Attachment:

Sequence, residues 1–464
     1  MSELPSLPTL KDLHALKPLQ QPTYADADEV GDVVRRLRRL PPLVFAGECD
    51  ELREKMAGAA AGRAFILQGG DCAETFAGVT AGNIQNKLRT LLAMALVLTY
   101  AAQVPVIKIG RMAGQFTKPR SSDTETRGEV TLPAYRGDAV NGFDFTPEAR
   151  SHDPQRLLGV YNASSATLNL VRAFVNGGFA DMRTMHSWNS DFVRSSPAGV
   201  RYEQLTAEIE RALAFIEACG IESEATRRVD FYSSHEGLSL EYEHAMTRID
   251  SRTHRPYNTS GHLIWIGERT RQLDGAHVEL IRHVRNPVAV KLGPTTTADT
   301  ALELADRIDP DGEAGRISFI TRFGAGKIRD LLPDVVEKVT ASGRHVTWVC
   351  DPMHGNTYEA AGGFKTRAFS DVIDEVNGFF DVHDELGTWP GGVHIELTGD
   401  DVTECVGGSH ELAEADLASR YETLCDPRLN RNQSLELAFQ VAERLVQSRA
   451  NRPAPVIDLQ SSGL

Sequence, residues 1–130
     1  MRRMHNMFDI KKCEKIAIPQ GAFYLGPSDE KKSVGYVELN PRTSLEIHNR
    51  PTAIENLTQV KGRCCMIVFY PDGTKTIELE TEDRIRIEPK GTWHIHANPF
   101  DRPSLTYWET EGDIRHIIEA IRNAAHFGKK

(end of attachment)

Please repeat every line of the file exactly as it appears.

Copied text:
Sequence, residues 1–464
     1  MSELPSLPTL KDLHALKPLQ QPTYADADEV GDVVRRLRRL PPLVFAGECD
    51  ELREKMAGAA AGRAFILQGG DCAETFAGVT AGNIQNKLRT LLAMALVLTY
   101  AAQVPVIKIG RMAGQFTKPR SSDTETRGEV TLPAYRGDAV NGFDFTPEAR
   151  SHDPQRLLGV YNASSATLNL VRAFVNGGFA DMRTMHSWNS DFVRSSPAGV
   201  RYEQLTAEIE RALAFIEACG IESEATRRVD FYSSHEGLSL EYEHAMTRID
   251  SRTHRPYNTS GHLIWIGERT RQLDGAHVEL IRHVRNPVAV KLGPTTTADT
   301  ALELADRIDP DGEAGRISFI TRFGAGKIRD LLPDVVEKVT ASGRHVTWVC
   351  DPMHGNTYEA AGGFKTRAFS DVIDEVNGFF DVHDELGTWP GGVHIELTGD
   401  DVTECVGGSH ELAEADLASR YETLCDPRLN RNQSLELAFQ VAERLVQSRA
   451  NRPAPVIDLQ SSGL

Sequence, residues 1–130
     1  MRRMHNMFDI KKCEKIAIPQ GAFYLGPSDE KKSVGYVELN PRTSLEIHNR
    51  PTAIENLTQV KGRCCMIVFY PDGTKTIELE TEDRIRIEPK GTWHIHANPF
   101  DRPSLTYWET EGDIRHIIEA IRNAAHFGKK